It happens every year — air cools, leaves change, Americans talk about the demise of football. This year there may be more talk than usual, for several reasons, such as:
Both the NCAA and the NFL are under siege because of concussion lawsuits. The economic costs — and negative PR — could reshape the game.
Rules are changing to protect players — and to protect the organizations from further lawsuits. New regulations will alter the way the game is played, and may rankle some players and fans.
The NFL is thinking of beginning to talk about maybe perhaps initiating tests for human growth hormone, which — if there ever is testing — could make a difference in the specimens that spectators see on the fields.
At the youth level, parents and coaches are more concerned about safety.
Recently, NFL Hall of Famer Lem Barney even suggested that American society will turn against football in the next decade or so. And last year, ESPN presented a scenario titled "What Would the End of Football Look Like?"
The game America loves to hate has been part of the national landscape for more than a century. And for more than a century, people have been trying to abolish it. Will they succeed this time? Let's hie to the history books.
One of the near-successful attempts to wipe out football came around the turn of the 20th century. Charles W. Eliot, president of Harvard University, blasted the newborn sport from many angles. "The game of football grows worse and worse as regards foul and violent play and the number and gravity of the injuries which the players suffer. It has become perfectly clear that the game as now played is unfit for college use," according to his 1895 report. At one point, Harvard did not field a team.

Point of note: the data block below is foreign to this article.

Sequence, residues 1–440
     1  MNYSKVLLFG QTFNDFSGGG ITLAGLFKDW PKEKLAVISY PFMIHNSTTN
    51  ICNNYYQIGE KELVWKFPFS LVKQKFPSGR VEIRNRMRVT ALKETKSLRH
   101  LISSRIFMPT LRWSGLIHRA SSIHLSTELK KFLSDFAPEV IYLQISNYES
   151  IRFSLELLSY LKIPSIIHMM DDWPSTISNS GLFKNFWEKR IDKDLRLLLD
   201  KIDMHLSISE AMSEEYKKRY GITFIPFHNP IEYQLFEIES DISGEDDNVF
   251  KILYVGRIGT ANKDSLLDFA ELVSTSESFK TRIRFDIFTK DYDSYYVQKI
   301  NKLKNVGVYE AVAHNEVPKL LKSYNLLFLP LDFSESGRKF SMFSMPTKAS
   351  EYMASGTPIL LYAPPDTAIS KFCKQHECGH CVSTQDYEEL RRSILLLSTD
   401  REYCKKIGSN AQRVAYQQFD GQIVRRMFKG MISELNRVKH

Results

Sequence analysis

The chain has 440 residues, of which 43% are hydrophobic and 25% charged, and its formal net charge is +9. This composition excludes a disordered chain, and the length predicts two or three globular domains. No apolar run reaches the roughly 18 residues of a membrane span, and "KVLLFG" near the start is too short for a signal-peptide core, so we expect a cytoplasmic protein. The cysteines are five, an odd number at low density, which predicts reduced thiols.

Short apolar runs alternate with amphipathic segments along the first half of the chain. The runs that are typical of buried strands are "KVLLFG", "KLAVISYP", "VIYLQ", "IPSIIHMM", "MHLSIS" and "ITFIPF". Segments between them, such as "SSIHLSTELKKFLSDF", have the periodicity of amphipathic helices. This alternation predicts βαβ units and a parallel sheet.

Fourth And Long
The anti-football climate got so bad that other universities, including Stanford and Northwestern, suspended their programs, according to historian John J. Miller. The state of Georgia almost abolished football altogether after a player was killed.
The Hail Mary Pass
Many people rushed to the defense of the game — including Harvard alum and U.S. President Theodore Roosevelt. He huddled with several key coaches in the White House and, according to Miller, author of The Big Scrum: How Teddy Roosevelt Saved Football, the group came up with new rules — including the forward pass — that made the game safer. Injuries were reduced, and the game flourished.
So rather than seeing the end of football this year, we may be seeing a renaissance — along with new rule changes making the game even safer — that could spiral the sport well into the coming decades.
The Postgame Interview
And what would Roosevelt think of today's debates over football? "My guess is that Theodore Roosevelt would be a fan of football in general and of the New York Giants in particular," Miller tells NPR. "Rather than attacking football, he'd defend it because he'd continue to recognize the social value of a great game that teaches important lessons that don't come from classrooms and textbooks."